Musculoskeletal diseases are the second most common cause of disability with cost to the healthcare industry in upwards of $5 billion per year. Current implants designed to treat these diseases are plagued by various complications including infection, immune rejection, and inadequate osteointegration. New technologies are needed to overcome these complications to provide better quality of care and decrease financial burden. This invention describes 3D printed biocompatible implants and fixation devices that can be permanent or bio-degradable. They can elute drugs and antibiotics, over a period of days or months to prevent infection. The invention has the potential to alleviate many of the issues with current implants by increasing osteointegration, preventing infection, and reducing costs.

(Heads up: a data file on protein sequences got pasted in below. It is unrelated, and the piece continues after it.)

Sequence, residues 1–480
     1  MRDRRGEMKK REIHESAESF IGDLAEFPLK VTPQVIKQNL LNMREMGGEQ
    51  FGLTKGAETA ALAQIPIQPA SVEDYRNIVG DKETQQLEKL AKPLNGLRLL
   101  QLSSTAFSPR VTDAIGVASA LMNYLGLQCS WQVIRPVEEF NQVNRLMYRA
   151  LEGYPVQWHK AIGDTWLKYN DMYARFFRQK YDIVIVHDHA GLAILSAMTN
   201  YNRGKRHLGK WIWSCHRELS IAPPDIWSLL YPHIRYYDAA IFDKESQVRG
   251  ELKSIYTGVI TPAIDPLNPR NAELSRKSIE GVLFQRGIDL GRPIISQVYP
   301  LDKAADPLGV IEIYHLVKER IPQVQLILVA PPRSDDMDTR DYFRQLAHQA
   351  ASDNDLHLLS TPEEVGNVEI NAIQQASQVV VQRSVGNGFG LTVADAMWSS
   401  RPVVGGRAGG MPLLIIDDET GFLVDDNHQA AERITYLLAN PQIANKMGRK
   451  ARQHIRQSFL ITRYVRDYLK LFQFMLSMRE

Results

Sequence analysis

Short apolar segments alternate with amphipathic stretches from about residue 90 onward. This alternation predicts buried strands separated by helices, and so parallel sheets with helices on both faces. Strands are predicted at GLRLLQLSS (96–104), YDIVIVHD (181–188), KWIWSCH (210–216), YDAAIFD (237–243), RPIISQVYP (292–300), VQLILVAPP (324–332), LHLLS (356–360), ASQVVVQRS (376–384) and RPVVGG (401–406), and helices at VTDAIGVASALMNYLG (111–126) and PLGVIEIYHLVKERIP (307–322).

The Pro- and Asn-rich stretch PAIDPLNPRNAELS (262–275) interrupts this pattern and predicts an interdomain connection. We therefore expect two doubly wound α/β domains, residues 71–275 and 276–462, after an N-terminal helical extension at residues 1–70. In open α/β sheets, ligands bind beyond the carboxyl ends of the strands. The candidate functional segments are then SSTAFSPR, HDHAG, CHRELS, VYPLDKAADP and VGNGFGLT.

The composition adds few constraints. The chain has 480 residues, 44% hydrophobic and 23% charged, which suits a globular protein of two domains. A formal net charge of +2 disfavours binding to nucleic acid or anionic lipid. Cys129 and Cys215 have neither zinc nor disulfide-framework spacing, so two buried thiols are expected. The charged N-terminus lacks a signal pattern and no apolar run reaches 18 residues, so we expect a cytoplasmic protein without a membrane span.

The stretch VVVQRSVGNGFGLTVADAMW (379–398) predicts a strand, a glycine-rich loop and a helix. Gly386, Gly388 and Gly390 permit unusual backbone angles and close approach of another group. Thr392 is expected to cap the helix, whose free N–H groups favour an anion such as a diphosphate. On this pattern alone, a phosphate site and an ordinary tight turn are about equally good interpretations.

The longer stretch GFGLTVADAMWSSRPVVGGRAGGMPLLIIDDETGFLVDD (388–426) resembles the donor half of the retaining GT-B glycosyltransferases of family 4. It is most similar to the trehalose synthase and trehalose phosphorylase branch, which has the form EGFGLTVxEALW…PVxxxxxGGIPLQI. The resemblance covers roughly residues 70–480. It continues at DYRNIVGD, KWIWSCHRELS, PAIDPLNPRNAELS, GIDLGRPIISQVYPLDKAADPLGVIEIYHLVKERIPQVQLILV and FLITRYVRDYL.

This 3D implant technology is made with biocompatible polymers that are safe, anti-corrosive and resistant to rejection. They are custom designed to fit patients of all sizes, can elute various drugs to prevent infection and are printed within a few hours of the patient visit. The treatment of musculoskeletal diseases requiring implants or fixation devices including but not limited to elastic nails, clavicular plates, tibia and femoral nails, interlocking plates and knee and hip replacements.
The US market orthopedic implants exceeded $5 billion in 2015 with the aging population as the main driver of growth. This cost is expected to double by 2024. The market for 3D printing is also expanding with revenue expected to exceed $13 billion in 2018 with approximately 13% attributed to 3D printed medical devices. Rowan University is looking for a partner for further development and commercialization of this technology through a license.
|Original language||English (US)|
|Publication status||Published - Oct 2018|